In perusing the available DVDs on Netflix, I stumbled across a little known gem: Hachi: A Dog’s Tale, starring Richard Gere.
Admittedly, any film featuring an adorable dog (or the adorable Richard Gere), will catch my eye, but you need not be a Richard Gere enthusiast to appreciate this film. You do, however, need to be a dog lover, and more importantly, must possess an inherent understanding and respect for the spiritual bond that exists between humans and canines, without which this film is reduced to just another sweet movie that never made headlines.
Despite grossing over $40 Million dollars overseas, in the United States, Hachi: A Dog’s Tale was released straight to DVD. Directed by Lasse Hallstrom (The Cider House Rules, Chocolat, Dear John), Hachi: A Dog’s Tale is, at first glance, a simple movie about a man and his dog. But when viewed with sensitivity and thought, the film is far more.
Through the years, Hollywood has given us many formulaic episodes depicting the heroic bond of loyalty between man and his dog, but no film to my knowledge has effectively portrayed the depth of that emotion from a dog’s point of view. How can the writer/director know a dog’s point of view? Non-dog lovers among you may ask. In his behavior and his very life, Hachiko, the beautiful Akita Inu upon which this film is based, literally told them.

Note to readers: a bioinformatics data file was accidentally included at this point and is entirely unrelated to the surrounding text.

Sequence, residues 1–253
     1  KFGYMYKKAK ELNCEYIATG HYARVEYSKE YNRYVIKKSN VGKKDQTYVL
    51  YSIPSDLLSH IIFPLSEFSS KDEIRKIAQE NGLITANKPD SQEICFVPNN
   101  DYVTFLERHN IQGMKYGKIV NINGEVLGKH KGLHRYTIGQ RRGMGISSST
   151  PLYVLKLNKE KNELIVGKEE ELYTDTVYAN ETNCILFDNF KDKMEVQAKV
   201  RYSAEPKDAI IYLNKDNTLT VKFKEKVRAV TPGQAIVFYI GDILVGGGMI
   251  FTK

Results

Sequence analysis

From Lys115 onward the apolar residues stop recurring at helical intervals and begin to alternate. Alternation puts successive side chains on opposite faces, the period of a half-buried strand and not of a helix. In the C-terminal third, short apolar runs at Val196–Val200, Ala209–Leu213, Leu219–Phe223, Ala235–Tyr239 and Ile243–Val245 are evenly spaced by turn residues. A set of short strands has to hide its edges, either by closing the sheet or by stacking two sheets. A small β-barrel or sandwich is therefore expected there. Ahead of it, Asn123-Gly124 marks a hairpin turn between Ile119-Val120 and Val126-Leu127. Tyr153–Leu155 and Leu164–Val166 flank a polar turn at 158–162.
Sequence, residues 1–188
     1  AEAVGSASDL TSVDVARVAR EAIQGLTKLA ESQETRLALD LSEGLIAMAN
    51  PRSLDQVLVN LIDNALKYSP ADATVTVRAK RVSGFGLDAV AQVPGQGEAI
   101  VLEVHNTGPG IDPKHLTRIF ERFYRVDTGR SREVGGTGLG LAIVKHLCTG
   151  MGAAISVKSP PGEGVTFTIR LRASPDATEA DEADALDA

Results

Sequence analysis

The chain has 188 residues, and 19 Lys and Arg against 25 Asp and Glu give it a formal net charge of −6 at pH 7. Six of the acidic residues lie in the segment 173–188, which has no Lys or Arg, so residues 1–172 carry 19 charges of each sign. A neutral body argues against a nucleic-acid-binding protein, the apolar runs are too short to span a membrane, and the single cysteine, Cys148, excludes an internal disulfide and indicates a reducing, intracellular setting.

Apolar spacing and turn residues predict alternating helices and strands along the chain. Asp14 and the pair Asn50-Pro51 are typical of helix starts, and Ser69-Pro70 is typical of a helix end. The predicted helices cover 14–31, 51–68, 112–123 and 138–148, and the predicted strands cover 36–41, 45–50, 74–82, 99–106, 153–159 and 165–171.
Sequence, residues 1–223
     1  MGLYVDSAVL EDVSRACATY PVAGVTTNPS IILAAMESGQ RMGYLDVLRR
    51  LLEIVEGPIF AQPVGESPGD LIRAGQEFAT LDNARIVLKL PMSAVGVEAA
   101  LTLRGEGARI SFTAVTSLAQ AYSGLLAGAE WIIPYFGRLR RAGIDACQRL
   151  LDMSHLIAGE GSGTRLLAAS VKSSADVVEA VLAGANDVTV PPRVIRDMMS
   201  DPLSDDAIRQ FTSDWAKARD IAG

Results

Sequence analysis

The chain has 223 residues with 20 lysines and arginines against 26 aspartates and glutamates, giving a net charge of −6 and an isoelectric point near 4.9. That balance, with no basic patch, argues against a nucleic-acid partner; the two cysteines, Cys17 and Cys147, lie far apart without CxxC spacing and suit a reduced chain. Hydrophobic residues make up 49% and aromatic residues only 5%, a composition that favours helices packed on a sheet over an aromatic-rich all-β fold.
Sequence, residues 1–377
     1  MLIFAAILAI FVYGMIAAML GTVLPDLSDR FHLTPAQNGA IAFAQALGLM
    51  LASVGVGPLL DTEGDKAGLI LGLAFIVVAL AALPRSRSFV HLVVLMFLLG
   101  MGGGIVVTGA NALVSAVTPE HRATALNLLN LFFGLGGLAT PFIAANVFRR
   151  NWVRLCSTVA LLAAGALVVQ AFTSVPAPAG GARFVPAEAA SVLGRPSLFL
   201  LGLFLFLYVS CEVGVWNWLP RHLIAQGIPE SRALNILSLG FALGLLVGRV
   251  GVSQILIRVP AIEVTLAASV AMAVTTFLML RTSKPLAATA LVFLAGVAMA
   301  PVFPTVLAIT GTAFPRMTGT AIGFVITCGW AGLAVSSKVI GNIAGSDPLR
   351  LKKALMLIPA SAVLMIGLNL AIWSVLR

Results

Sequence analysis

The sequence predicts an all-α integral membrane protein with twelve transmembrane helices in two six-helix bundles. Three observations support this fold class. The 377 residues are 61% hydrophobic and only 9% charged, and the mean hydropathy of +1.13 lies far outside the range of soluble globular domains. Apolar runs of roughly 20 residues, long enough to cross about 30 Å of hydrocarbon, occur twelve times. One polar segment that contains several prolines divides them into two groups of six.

Hachiko (Hachi for short) was born in 1923 on a farm in Japan, and brought to Tokyo by his owner, Professor Ueno of the University of Tokyo. Each day, Hachiko accompanied the Professor to the Shibuya train station to see the Professor off to work, and returned to the station each evening to meet the Professor upon his return. Hachiko became familiar to the commuters and workers at the station; his loyalty and predictability were legendary. Hachi: A Dog’s Tale is set in Rhode Island, with Richard Gere portraying a music professor who finds the lost Hachi at the railway station, and reluctantly brings him home to a far more reluctant wife. Though this portion of the plot is hackneyed and trivial by today’s standards, Hachi: A Dog’s Tale instantly tugs at your heart-strings and invites you to look look, and to feel, deeper.
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Hachi: A Dog’s Tale is a real film. There are no acts of violence. Nothing blows up. There is no explicit language or sexual situations. The movie is a beautifully filmed slice of true life that will touch even the most hard-hearted viewer. This is a film with meaning, one that explores the definition of “hero” and quietly, yet ever so effectively, describes the inexplicable bond between a human being and his dog. I can reveal no more of Hachi: A Dog’s Tale‘s plot without ruining the beautiful experience for possible viewers, but trust me, this is a movie with true, palpable spirit.
Why, then, have you never heard of it? Why, then, did it skip theatrical release? Perhaps its producers knew the movie’s G rating would almost certainly kill it at the American box office, or perhaps the film got lost in the Marley & Me hoopla. But if you love and respect dogs, don’t miss Hachi: A Dog’s Tale. Be forewarned, however, Hachi: A Dog’s Tale is an emotional experience (have a box of tissues handy!) but well worth it.